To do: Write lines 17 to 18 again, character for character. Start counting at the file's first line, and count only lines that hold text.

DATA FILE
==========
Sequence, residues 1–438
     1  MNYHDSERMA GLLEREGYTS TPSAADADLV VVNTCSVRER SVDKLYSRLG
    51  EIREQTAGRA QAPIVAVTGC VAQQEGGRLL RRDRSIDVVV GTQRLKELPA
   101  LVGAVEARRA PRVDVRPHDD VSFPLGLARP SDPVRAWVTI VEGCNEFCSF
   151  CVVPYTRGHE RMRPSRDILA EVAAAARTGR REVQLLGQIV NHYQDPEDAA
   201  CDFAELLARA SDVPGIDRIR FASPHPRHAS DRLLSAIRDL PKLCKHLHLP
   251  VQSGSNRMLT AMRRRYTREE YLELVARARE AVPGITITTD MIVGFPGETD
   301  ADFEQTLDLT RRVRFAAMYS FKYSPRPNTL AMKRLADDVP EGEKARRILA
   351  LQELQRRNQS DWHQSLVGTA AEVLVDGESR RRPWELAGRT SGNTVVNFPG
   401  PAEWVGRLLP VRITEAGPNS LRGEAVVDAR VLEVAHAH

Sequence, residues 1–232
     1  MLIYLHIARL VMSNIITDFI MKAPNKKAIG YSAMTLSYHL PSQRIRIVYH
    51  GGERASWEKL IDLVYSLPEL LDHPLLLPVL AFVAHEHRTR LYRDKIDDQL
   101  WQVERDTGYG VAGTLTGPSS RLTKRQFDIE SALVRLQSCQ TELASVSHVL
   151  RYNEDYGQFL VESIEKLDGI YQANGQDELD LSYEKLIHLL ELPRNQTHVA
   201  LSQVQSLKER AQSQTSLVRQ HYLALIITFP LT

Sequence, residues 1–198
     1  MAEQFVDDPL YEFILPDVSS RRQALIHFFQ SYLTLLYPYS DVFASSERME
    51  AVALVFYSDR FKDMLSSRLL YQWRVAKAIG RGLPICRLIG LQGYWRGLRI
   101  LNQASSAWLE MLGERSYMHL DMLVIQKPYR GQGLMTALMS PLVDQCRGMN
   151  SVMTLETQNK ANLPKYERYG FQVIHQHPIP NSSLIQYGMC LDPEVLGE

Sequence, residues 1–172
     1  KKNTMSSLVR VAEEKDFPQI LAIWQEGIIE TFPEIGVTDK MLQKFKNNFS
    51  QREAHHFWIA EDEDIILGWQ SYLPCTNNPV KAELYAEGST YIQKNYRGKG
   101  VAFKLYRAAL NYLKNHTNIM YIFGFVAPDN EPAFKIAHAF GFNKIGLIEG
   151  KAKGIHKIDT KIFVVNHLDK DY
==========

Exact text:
Sequence, residues 1–198
     1  MAEQFVDDPL YEFILPDVSS RRQALIHFFQ SYLTLLYPYS DVFASSERME